“We are really pleased that we’ve got this partnership with the 79th [SSC],” said Eastman during his visit. “We would like to take advantage of every opportunity to work together. We’re responsible for supporting the United Kingdom’s operations in Africa in the same way the 79th is, so it makes sense for us to work together … to eventually, potentially carry out combined operations together.”

During his visit, Eastman received a shift-change briefing and addressed both the 79th and his British soldiers. He explained that the British army’s reserve is currently undergoing a transition to becoming more operational just like the U.S. Army Reserve is.

“I think we can learn an awful lot of lessons from you on how to get more out of our reserve capability,” Eastman said. “In big picture terms, this is about us learning from you, us working together with the 79th [SSC] to develop that relationship and for the people themselves to develop their staff capability. Any partnership is based on relationships—so for me, this is a win-win.”

The 102 Logistic Brigade is Eastman’s first time in command of reserve soldiers, and he said he is pleased with their performance.

“I’m hugely impressed with reserve soldiers. They deliver significant effects and you can almost never tell them apart from their regular counterparts when they’re deployed. I have a huge respect for the commitment necessary to balance that trinity of family, civilian life, and work, and the military life—we just don’t have that problem in the regular force. They seem to balance it and deliver with a huge amount of effect, and I just find that deeply impressive.”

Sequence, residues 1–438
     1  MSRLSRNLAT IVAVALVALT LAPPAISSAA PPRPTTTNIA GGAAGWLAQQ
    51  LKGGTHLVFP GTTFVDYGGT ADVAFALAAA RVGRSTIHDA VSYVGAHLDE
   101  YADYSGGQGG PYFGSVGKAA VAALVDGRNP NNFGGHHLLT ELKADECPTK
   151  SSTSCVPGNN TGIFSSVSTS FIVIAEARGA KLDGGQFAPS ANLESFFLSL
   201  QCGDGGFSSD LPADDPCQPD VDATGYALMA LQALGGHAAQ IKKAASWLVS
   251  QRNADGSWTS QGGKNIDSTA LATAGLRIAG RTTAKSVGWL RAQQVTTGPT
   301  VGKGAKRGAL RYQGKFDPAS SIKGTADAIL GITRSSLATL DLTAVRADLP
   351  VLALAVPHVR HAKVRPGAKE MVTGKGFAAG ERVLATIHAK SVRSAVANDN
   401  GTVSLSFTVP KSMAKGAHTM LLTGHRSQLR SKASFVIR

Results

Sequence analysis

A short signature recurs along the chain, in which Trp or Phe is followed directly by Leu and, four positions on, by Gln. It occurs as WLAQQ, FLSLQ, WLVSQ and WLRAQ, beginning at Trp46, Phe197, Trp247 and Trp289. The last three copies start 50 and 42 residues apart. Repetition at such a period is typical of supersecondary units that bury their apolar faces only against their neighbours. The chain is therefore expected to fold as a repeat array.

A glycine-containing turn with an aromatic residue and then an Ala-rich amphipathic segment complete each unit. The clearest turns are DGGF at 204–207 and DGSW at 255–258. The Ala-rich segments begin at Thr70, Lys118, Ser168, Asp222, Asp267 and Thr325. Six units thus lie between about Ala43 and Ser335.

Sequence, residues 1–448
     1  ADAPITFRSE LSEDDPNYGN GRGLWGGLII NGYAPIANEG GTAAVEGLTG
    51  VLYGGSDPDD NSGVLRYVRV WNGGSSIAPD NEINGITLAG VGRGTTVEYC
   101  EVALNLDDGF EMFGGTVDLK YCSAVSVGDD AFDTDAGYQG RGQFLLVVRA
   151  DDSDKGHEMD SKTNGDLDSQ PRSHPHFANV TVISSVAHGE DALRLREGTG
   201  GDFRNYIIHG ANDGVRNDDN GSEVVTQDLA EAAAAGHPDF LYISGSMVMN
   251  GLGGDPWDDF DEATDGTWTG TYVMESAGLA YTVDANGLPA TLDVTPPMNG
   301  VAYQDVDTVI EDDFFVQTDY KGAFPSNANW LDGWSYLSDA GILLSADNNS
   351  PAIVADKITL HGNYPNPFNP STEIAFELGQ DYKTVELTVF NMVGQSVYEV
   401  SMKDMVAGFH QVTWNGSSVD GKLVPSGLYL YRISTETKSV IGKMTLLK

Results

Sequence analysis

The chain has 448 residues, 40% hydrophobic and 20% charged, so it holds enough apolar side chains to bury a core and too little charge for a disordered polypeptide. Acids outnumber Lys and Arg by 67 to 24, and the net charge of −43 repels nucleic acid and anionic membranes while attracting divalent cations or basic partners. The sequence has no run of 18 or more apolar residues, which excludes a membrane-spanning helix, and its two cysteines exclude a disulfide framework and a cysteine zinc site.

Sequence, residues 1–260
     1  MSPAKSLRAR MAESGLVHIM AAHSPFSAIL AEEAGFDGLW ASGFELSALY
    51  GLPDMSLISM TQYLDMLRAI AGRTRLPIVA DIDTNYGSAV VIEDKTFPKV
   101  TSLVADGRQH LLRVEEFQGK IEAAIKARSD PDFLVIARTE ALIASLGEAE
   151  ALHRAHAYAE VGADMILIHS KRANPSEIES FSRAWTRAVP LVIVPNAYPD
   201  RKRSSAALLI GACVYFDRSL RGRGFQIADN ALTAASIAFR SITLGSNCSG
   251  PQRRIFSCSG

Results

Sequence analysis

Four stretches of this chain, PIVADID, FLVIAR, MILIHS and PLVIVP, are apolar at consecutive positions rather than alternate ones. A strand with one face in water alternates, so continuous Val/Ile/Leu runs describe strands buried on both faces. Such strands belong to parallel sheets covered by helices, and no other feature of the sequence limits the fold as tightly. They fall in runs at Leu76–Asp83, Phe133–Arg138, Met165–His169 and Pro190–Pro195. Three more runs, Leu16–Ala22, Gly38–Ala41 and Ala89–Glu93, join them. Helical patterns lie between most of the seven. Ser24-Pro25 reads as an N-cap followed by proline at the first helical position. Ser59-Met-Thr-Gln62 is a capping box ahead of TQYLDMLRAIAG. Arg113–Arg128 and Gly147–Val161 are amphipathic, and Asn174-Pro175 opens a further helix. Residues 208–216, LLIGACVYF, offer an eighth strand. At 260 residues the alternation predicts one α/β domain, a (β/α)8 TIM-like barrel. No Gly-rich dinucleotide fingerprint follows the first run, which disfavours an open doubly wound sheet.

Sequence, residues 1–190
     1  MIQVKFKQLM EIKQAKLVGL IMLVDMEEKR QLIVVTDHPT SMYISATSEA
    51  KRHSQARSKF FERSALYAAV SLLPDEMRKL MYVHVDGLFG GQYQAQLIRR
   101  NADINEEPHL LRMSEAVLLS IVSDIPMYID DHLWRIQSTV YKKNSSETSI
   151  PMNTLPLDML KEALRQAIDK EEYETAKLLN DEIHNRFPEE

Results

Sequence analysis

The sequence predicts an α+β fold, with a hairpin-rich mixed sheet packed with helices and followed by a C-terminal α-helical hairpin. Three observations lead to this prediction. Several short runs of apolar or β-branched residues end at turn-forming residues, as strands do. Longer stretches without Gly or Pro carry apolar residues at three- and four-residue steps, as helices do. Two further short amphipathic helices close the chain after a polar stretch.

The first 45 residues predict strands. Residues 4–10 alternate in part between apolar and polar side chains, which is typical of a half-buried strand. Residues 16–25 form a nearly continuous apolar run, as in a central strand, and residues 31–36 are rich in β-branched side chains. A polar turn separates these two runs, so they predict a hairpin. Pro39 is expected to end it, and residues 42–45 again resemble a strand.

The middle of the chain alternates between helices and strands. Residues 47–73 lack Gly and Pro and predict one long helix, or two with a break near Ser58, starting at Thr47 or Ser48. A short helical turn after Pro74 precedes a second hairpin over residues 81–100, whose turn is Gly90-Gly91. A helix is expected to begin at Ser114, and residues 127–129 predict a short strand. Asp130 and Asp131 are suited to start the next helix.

Eastman said that just about every operation the British army now conducts is in a multinational environment. Exercising for real-life missions in a multinational environment makes logical sense, he explained.

“As we develop our relationship with the 79th and as we start working more to develop what we are doing in Africa, it makes sense that we should get involved in this exercise as much as possible,” Eastman said. “Just anything that takes that relationship forward and allows us to operate together has got to be good, from my perspective. I think we can learn from you, and hopefully there are some things you can learn from us, equally.”

Palzer echoed Eastman’s sentiments on the multinational partnership.

“The 102 Logistic Brigade brings a lot of connections that we didn’t previously have,” Palzer explained. “Our international partners will have access to in-country capabilities, or in-country training missions. Having that access may grant us entrée to missions that are both useful to us and things that they may need.”

Maj. Rayn W. Kort, a plans officer with U.S. Army Africa and lead maneuver planner for the exercise, said that exercises like Lion Focus generate key leader development opportunities.

“These exercises are important in order for us as a staff to evaluate processes and integrate Reserve and Joint interagency partners, and to test our ability to create plans in a crisis action situation,” he said.

Kort said he was pleased with the level of participation from outside organizations in the exercise—especially from the Reserve component.

“Integrating the Reserve is critical from the sustainment perspective,” Kort explained. “We could end up responding to a real-world crisis with the same players [organizations] you see here now.”

Palzer agreed while taking time to eat with his troops at a dining facility in Vicenza.

“This is an excellent opportunity to get our people to work with other organizations,” Palzer said. “When we demonstrate our expertise as the sustainment command for USARAF in managing the sustainment requirements for large-scale, multinational, Joint forces in as complex a theater as Africa, we will ease decision making for combatant commanders and prove the invaluable nature of a multi-component Army,” Palzer concluded.